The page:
A Month for Action on Radon
Thursday, January 3, 2008 - 9:08am
Test Your Home for Radon Gas
Madison, WI, Thursday, January 03, 2008 - January is a month where most of us spend a lot of time indoors, which makes it a particularly good time to draw attention to the problem of radon gas. This is why Public Health for Madison and Dane County joins the Environmental Protection Agency (EPA) in using National Radon Action Month as an opportunity to provide the public with some important and useful information about radon gas and what can be done about it.
What is Radon, and Why Worry?
Radon is a cancer-causing radioactive gas. It's colorless and odorless and could be present in your home. The EPA estimates that radon is responsible for about 21,000 lung cancer deaths every year. About 2,900 of these deaths occur among people who have never smoked. If you smoke and your home has elevated radon levels, your risk of lung cancer greatly increases.
Radon can be found all over the U.S.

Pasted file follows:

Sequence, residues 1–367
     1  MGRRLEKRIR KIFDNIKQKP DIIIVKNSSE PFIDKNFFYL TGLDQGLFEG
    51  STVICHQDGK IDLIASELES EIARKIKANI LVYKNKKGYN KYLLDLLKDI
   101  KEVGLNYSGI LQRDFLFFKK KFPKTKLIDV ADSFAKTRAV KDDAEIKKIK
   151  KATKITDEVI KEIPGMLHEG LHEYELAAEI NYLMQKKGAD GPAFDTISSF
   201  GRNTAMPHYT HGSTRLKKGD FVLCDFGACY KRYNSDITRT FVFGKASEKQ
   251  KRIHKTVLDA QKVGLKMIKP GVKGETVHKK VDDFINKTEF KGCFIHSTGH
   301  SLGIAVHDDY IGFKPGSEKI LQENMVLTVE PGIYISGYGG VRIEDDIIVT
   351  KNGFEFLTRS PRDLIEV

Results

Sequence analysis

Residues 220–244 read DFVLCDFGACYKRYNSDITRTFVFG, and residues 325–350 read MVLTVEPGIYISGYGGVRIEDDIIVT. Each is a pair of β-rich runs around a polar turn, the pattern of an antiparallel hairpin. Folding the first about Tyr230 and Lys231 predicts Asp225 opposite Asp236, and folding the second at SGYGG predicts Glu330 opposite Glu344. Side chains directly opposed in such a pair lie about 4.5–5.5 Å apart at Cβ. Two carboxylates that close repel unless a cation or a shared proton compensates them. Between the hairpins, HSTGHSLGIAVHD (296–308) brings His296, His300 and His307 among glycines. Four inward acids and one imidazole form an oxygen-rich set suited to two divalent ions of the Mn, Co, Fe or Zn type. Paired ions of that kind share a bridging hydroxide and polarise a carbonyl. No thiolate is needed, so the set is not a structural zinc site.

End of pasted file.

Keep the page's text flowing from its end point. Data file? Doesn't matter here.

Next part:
Radon comes from the natural radioactive breakdown of uranium in soil, rock, and water. It seeps into houses through cracks, sumps and other openings in basement floors and walls.
Why You Should Test for Radon.
Testing is the only way to know if you and your family are being exposed to radon. The EPA and the Surgeon General recommend testing for radon in the living area of the house where your family spends most of their time.
Testing is inexpensive and easy -millions of Americans have already tested their homes for radon. Test kits generally cost between $5 and $15 at local hardware stores. Kits are also available through the Madison Dane County Public Health Department.
If You Have a Radon Problem, You Can Fix It.
If you discover that you do have a radon problem, there are simple and cost effective ways to take care of it. Even very high levels of radon can be reduced to acceptable levels.
For more information regarding radon, visit the Wisconsin Radon Information Web site at:
Or, learn more at 608-242-6515 (Environmental Health Office, of the Department of Public Health for Madison & Dane County) or contact the South Central Radon Information Center at 888-LOW-RADON (569-7236).
Protect your family and test your home!
- Clint Marshall (608) 242-6515
- Jeff Golden243-0302